Adoption of AI, machine learning faces challenges in healthcare

Artificial intelligence is becoming a ubiquitous part of our everyday lives. It is being used to drive cars, power smart devices, create art and improve healthcare. Given AI’s potential, healthcare leaders are increasingly faced with building strong AI units and teams within their organizations.

This is not a trivial task, as it requires a level of understanding of the technology many leaders do not possess due to its novelty and rapid evolution. Competent AI teams must address a wide range of important issues such as patient safety, fairness, governance, explainability, reproducibility, data drift, clinical workflows, decision support, as well as the technical details of the algorithms themselves. Let me highlight one example of the challenges healthcare leaders and their AI teams they assemble must think about if AI is going to revolutionize healthcare.

A common type of AI is machine learning, which can be used to identify patterns in electronic health record data to predict clinical outcomes. The “learning” part refers to the adaptive process of finding mathematical functions (models) that produce actionable predictions. A model is often evaluated by making predictions in new data. It is common to assess the quality of a model using measures of its predictive accuracy. While this makes sense from a mathematical point of view, it does not mimic how we as humans solve problems and make decisions.

Consider the process of buying a car. The key part of this process is deciding which car to buy. We consider the make and model along with other objectives such as size, color, style, engine type, horsepower, range, efficiency, reliability and, of course, price. We rarely consider only one feature, and usually don’t get everything we want. The consideration of multiple objectives is not unique to buying a car. We go through this same process for many life decisions such as selecting a university, a political candidate, a job, etc. These tasks are not easy, but we seem to be wired to make decisions in this manner. So why is it that machine learning typically focuses on only one objective?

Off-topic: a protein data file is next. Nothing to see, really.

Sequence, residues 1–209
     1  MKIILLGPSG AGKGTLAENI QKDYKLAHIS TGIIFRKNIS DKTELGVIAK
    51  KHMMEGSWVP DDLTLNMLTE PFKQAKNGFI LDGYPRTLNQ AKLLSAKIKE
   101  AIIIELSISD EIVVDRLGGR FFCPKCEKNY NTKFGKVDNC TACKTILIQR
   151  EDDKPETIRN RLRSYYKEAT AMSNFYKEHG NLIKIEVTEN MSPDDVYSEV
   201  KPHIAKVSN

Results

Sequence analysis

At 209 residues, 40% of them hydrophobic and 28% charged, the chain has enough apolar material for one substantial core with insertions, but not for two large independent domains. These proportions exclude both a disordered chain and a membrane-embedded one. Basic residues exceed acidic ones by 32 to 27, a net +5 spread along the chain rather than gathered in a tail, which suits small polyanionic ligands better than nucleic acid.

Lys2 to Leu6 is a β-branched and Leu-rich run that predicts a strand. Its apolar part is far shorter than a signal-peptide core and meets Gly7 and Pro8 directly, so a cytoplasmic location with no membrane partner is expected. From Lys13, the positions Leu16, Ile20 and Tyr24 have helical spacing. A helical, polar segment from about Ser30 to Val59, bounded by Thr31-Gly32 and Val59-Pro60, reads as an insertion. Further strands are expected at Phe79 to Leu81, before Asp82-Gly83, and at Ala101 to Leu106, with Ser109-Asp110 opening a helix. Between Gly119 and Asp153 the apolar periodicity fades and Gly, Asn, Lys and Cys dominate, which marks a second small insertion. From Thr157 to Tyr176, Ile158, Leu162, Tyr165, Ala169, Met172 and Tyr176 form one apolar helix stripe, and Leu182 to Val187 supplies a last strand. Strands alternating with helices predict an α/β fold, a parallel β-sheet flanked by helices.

One possible answer to this question is that machine learning models are typically developed by AI experts who may not fully understand healthcare. Consider the goal of identifying new drug targets from machine learning models using genetic information to predict disease risk. The hope is that the model will point to genes with protein products that could be developed as new drugs. However, as with buying a car, there are other important factors. For example, only about 10% of proteins have chemical properties making them accessible to small molecule drug candidates. This protein “druggability” information could be used to assess the value or utility of a model in addition to its predictive accuracy. This moves beyond model performance to include model utility and actionability.

How do we teach machine learning algorithms to choose models the same way humans buy cars? The good news is that numerous multi-objective methods for machine learning have been developed. They are just rarely used in healthcare or other domains. An intuitive approach is something called the Pareto optimization, in which multiple machine learning models are generated and evaluated using two or more quality criteria such as accuracy and complexity. The goal here is to identify a subset of models that optimally balance the tradeoffs of all the criteria. This approach more closely mimics the car buying process.

Machine learning for healthcare is different from other application domains. Models need to do more than predict with good accuracy. They need to be transparent, unbiased, explainable, trustworthy, useful and actionable. They need to teach us something. They need to be good for patients. They need to reduce healthcare costs. This is not possible from a single objective.

An important next step with clinical AI is for computer scientists and informaticians to continue working closely with clinicians to identify the right set of objectives to maximize the healthcare impact of machine learning models. This will require engagement of the human side of AI in addition to the algorithmic side. Healthcare leaders play a critical role in assembling AI teams because they understand the necessary health outcome objectives, they commit the resources, and they can promote a diverse and collaborative culture needed for success. Healthcare has unique challenges and requires an AI strategy tailored to the complexities of patient care and institutional goals.

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